But if something should go missing, Ryan said there are systems in place to quickly track down books.
‘Like many libraries and other collecting institutions, collection
items sometimes can’t be found but more often than not, they reappear –
for which we are always grateful for,’ she said.
‘Our relationships with our library peers and the book trade are
important two-way relationships: by working together, we constantly
learn from each other. Websites like the International League of Antiquarian Booksellers (ILAB) and ‘Stolen Books’ are good to keep an eye on.’
How and why thefts occur
The types of thefts McCubbin has come across in the case studies she’s examined are theft by insiders, or staff, such as the archivist from a Pittsburgh Library who was involved in stealing $8m worth of books, or those with privileged access to a collection, such as bona fide researchers. Her biggest Australian case of theft was a man charged and convicted in 1913 for stealing 82 books from the Melbourne Public Library, now the State Library of Victoria, as we know it.
While you might presume thieves are targeting the rarest or most expensive books in a collection, McCubbin says this wouldn’t be a fortuitous move.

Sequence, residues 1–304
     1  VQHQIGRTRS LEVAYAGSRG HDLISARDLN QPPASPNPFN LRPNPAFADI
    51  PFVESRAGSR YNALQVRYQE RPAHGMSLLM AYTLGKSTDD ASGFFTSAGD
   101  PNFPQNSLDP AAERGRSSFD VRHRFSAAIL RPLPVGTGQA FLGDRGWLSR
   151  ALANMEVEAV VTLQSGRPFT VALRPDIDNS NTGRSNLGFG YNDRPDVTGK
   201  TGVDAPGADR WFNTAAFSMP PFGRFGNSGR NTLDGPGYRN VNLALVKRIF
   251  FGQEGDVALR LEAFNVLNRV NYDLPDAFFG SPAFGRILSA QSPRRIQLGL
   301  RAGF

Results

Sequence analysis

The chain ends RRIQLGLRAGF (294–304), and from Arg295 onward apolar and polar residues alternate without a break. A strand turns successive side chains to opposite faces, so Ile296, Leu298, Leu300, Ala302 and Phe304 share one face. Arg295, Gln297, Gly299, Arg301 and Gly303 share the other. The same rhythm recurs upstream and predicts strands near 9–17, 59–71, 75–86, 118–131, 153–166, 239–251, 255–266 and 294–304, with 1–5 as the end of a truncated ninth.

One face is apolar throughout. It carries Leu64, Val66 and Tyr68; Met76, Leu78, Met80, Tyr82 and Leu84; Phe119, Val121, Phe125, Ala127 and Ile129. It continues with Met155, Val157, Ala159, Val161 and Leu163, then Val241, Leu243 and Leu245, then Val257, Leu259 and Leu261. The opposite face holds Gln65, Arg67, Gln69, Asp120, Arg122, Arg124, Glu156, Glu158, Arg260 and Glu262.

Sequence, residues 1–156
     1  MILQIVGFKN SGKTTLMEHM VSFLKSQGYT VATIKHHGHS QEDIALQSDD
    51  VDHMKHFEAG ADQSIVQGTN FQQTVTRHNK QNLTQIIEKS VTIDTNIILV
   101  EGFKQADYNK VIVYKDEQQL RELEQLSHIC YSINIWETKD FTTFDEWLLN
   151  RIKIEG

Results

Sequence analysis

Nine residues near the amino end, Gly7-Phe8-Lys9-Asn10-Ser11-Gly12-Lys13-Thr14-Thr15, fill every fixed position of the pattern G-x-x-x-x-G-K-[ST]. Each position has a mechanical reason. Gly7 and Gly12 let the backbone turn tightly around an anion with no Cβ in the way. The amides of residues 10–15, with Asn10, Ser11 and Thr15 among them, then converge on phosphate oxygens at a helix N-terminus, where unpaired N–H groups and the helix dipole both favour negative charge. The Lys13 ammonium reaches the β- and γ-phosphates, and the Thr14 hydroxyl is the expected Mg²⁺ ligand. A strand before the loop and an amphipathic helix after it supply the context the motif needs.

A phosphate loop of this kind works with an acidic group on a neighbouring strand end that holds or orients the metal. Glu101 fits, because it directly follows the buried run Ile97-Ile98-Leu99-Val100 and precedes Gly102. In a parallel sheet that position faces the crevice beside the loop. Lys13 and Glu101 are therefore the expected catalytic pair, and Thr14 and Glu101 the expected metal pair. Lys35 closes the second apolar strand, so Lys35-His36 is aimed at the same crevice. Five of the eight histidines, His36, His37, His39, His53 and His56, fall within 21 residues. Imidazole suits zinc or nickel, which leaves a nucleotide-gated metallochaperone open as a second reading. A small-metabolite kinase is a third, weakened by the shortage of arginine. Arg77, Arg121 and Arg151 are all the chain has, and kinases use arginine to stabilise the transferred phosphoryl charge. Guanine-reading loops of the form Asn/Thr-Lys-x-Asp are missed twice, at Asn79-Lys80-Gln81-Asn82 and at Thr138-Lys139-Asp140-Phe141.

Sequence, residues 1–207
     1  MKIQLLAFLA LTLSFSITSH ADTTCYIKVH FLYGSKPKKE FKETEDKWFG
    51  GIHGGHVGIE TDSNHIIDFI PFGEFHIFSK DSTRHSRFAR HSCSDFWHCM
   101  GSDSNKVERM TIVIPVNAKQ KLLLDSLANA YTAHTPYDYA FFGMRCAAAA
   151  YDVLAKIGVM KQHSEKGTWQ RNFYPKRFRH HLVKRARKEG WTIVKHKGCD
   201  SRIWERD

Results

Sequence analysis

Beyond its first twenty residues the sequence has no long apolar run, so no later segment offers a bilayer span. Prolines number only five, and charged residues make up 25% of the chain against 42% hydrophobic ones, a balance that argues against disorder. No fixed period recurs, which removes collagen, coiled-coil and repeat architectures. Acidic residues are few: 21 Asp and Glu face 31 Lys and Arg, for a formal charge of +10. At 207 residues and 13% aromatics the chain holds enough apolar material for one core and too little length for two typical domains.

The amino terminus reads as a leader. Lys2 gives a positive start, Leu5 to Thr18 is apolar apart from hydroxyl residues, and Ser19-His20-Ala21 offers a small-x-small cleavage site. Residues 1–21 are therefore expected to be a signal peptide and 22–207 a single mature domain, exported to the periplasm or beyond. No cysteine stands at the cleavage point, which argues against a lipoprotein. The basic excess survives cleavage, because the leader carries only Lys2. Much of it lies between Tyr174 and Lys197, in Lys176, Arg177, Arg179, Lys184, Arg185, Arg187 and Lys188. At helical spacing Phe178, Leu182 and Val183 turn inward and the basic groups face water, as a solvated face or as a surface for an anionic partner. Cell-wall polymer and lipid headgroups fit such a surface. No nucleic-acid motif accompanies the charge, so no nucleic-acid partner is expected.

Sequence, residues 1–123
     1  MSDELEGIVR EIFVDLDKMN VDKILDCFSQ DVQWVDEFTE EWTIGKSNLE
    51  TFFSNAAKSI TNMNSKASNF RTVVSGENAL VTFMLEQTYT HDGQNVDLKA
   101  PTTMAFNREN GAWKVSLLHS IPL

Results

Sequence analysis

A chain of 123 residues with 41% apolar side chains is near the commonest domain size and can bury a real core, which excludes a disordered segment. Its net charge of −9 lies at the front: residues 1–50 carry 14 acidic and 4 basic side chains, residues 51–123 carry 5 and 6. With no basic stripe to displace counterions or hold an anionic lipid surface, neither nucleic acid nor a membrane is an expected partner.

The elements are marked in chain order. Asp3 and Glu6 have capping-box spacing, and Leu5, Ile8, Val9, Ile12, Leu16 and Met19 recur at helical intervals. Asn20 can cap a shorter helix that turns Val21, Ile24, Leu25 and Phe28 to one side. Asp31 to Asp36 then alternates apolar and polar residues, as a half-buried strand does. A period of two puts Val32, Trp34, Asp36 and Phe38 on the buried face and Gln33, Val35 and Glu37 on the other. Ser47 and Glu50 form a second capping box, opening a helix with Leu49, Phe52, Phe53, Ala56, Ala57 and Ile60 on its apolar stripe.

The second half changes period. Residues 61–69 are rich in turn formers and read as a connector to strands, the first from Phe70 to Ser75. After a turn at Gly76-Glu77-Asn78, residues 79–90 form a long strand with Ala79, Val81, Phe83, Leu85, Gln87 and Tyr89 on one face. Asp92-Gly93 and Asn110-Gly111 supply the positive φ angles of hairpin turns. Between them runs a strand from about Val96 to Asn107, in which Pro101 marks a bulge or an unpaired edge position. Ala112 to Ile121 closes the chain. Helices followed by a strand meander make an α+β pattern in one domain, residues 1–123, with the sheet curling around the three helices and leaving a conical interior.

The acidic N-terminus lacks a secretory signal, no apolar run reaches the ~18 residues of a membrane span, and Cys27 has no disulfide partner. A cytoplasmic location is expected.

‘People don’t attempt to steal the very rare or valuable books because they would be very hard to sell,’ she said. ‘If you were trying to sell a first edition Charles Darwin, people would ask a lot of questions and be very suspicious particularly where it’s known there are only 10 or 20 books left in the world.’
But theft isn’t just limited to books physically disappearing either.
The cutting out of plates and prints from rare library books, has also
been a popular way to steal.
‘They often refer to it as “farming”; so farming prints and farming maps from illustrations and from rare books,’ McCubbin said.
‘There’s a very prolific international history in those terms and
those prints can be sold for lots of money; they may be hand
illustrations from the 15th or 16th century.’
Through developing a modus operandi by examining case studies of book theft, such as the recent Pittsburgh case, McCubbin has come to recognize that thieves either usually operate out of a necessity to make money, working with book dealers to sell items, or for the sole purposes of adding books to their own personal collection.
With such dedication to staving off thieves, Museum Victoria’s collection seems to be in very safe hands.
‘The reason I am interested in this subject matter is that, especially in my position, you have to know what you’re dealing with in order to prevent it. If I can work out the way that it’s done, there’s the ability to be able to try and prevent any future thefts.’
Maryanne McCubbin’s talk Theft From Collecting Institutes is on Tuesday 9th July at The Melbourne Museum as part of Rare Book Week.